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Job Market Changes Quickly for New College Grads

The tables have turned for newly-minted college graduates looking for a good job

It wasn’t too long ago when the headlines were full of good news for younger career professionals.

Prior to Labor Day, 2022 -- when an army of newly-minted college graduates was expected to hit the job market -- labor experts viewed the job sector with a mostly positive outlook.

For instance, on May 25, 2022, Santa Monica, Cal.-based Zip Recruiter said new college graduates were entering a “sizzling “job market with two job openings for every unemployed person.

“Employers are rolling out the red carpet for grads with perks like signing bonuses (nearly 800% growth in recent years), remote work options, help with student loan payments, and vacation stipends,” the online employment services company reported.

That was then and this is now.

Two short months later, the Federal Reserve Bank of New York reported that “recent college graduates” has surpassed the national unemployment average every month since the beginning of 2021.

Through March, 2022, the U.S. general unemployment rate stood at 3.8%, compared to 4% for younger college-educated Americans. Three months later, the U. S. unemployment rate slid to 3.5%, while the jobless rate for new college grads rose to 4.1%.

That’s a clear contrast to the period between 1990 and 2018 when Americans aged 22 to 27 held a significantly higher chance of landing a new job compared to all other U.S. age demographics.

A 'Tough' Market

What’s going on with a flip-flopping labor market for college graduates?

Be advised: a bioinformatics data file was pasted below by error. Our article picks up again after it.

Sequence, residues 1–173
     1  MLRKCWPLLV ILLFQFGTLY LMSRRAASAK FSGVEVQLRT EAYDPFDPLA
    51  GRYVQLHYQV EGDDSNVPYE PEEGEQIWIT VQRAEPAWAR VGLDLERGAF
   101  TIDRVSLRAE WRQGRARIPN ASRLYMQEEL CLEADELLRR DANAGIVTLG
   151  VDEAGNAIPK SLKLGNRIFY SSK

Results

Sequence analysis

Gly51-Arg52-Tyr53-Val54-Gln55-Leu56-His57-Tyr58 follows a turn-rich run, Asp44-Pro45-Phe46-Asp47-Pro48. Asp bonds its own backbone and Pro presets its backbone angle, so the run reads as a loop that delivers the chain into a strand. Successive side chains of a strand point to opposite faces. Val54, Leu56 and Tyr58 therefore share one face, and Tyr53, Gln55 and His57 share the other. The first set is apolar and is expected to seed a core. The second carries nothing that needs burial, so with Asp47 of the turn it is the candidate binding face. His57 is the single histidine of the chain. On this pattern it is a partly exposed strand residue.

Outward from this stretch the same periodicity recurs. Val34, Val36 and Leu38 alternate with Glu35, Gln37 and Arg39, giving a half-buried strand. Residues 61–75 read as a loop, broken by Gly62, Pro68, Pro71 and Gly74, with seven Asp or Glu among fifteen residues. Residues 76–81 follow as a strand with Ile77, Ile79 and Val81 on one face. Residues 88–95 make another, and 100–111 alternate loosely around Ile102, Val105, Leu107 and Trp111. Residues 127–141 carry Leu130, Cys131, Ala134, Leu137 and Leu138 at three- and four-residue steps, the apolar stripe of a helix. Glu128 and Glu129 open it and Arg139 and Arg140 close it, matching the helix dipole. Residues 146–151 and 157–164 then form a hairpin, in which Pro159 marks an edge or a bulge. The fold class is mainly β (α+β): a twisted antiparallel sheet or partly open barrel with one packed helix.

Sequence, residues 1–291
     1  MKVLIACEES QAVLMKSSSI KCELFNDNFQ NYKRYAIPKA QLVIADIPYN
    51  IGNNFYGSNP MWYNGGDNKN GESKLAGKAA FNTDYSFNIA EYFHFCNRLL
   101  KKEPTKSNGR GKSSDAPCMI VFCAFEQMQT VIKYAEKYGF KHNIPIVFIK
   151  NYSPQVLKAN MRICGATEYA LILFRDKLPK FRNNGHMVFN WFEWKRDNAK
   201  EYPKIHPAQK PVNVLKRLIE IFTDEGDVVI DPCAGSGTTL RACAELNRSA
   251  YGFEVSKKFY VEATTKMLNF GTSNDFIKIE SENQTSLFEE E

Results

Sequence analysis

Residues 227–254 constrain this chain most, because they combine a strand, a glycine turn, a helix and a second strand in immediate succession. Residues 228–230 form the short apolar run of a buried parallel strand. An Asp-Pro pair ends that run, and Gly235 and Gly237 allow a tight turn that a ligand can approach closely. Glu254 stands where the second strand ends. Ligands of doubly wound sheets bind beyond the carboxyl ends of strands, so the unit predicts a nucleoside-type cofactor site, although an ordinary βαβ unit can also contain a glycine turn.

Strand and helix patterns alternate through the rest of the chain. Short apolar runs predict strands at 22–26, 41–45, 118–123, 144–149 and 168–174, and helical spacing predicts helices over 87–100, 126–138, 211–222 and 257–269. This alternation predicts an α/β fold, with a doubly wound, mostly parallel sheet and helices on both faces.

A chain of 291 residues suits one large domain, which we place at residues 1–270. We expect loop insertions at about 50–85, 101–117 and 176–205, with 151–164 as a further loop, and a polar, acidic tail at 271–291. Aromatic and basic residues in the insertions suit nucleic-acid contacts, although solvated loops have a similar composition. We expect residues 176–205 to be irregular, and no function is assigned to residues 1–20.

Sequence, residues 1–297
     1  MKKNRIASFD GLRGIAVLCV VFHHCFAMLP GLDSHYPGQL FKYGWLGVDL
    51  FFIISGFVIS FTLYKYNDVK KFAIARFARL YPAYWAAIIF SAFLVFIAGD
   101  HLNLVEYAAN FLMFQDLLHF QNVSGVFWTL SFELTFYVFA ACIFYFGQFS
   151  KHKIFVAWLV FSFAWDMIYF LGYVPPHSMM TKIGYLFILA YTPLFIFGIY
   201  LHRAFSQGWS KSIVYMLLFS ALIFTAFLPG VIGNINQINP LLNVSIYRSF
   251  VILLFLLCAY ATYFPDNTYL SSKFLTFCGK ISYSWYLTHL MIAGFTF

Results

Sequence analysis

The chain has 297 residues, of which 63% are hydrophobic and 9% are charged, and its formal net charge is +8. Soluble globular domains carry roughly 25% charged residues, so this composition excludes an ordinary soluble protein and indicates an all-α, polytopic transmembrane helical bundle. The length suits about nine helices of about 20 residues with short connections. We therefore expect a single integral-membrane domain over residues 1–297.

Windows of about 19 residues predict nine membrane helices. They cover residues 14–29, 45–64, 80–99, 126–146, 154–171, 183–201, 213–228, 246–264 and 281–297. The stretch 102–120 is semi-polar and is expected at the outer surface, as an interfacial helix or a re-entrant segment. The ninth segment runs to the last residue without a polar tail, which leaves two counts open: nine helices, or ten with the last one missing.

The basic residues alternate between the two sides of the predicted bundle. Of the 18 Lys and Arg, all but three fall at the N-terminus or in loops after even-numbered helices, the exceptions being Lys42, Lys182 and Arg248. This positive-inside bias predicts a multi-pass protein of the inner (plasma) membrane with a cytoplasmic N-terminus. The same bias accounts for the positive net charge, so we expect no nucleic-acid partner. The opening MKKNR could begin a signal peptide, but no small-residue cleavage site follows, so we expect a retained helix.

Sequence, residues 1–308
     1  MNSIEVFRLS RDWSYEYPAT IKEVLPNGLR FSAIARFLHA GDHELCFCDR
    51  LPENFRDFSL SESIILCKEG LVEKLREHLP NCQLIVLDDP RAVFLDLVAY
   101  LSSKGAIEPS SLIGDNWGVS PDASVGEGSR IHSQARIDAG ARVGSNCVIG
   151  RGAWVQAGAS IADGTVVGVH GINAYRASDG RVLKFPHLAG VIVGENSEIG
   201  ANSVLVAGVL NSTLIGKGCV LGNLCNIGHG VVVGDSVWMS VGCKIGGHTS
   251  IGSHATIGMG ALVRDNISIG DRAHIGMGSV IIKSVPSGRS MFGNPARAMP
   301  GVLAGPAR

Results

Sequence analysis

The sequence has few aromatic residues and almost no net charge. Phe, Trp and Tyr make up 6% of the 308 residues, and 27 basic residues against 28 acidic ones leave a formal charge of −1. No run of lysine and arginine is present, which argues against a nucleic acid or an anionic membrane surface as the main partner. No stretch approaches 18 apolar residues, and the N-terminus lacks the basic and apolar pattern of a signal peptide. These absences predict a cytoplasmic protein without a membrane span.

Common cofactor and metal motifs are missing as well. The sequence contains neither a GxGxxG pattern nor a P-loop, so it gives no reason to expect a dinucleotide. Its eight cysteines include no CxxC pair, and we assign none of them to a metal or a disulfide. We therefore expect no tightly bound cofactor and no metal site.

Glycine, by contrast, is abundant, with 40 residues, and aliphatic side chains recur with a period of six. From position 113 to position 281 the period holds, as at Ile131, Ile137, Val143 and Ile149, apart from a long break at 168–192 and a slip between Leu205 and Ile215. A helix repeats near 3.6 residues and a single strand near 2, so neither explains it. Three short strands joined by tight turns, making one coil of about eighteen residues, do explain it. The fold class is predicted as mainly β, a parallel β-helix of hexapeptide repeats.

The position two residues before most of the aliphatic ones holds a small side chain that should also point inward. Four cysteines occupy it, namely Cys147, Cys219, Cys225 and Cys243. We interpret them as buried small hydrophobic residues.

“We're hearing that things are tough out there for new grads with some companies rescinding job offers,” said Lisa Severy, PhD, a certified career counselor at the University of Phoenix. “This job market is certainly chaotic and none of the patterns that we used to rely on seem to hold true anymore. Usually, a job market seems advantageous to either employers or job seekers, but right now it feels like everyone is struggling."

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Historically, the job market is reliably tough for new grads because, unlike experienced workers, new grads often have little on a traditional resume that demonstrates their potential.

“What makes matters worse right now is the collective whiplash job seekers are experiencing,” said Scott Dettman, chief executive officer of Avenica, a talent recruitment and career placement firm in Minneapolis, Minn. “Just a few months ago, companies were dropping experience requirements while also offering well above market pay to attract talent, but now, with talk of a recession looming, companies are opting to cut back on training and hire only experienced candidates.”

That move tends to backfire over time.

“When companies pay more than they should for what they perceive to be greater experience, thinking they can achieve a quick ramp to productivity, they’re often disappointed with the results and end up cycling back to a focus on hiring for culture first and experience second.”

Upbeat News on the Horizon?

The good news is that the market is not as toxic as some say – at least, not down the road.

“Yes, companies are leaning toward experienced hires but many experienced hires have already switched jobs in the past year and are aware of the risk and difficulty in doing so again,” Dettman said. “As a result, many companies are unable to find experienced talent and will need to cycle back to a new grad hiring strategy sooner rather than later.”

That doesn’t mean recent college graduates should sit back and wait for the job offers to roll in.

“While the majority of recent Gen Z college graduates have successfully secured their first job, the labor market is still very competitive,” said Mark Beal, assistant professor of communications at Rutgers University-New Brunswick. “New college grads seeking their first job need to take a proactive and strategic approach to secure employment. They can't rely solely on being reactive and responding to job posts.”

Younger job-seekers also need to proactively research and rank as many as 20 potential employers and then leverage their network of family, friends, and professionals to secure informational interviews at their target companies, Beal advised.

“The ultimate goal is being recommended for an open position,” he said. “That type of proactive approach will successfully lead to employment.”